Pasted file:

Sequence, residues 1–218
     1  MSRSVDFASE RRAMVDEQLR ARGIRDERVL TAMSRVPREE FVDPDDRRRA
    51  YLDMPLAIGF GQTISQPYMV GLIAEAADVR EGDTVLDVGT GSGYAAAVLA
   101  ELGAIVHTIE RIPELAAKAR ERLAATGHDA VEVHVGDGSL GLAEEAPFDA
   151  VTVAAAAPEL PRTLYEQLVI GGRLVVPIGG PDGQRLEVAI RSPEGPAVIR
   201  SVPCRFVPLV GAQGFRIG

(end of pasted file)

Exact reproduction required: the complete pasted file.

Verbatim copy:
Sequence, residues 1–218
     1  MSRSVDFASE RRAMVDEQLR ARGIRDERVL TAMSRVPREE FVDPDDRRRA
    51  YLDMPLAIGF GQTISQPYMV GLIAEAADVR EGDTVLDVGT GSGYAAAVLA
   101  ELGAIVHTIE RIPELAAKAR ERLAATGHDA VEVHVGDGSL GLAEEAPFDA
   151  VTVAAAAPEL PRTLYEQLVI GGRLVVPIGG PDGQRLEVAI RSPEGPAVIR
   201  SVPCRFVPLV GAQGFRIG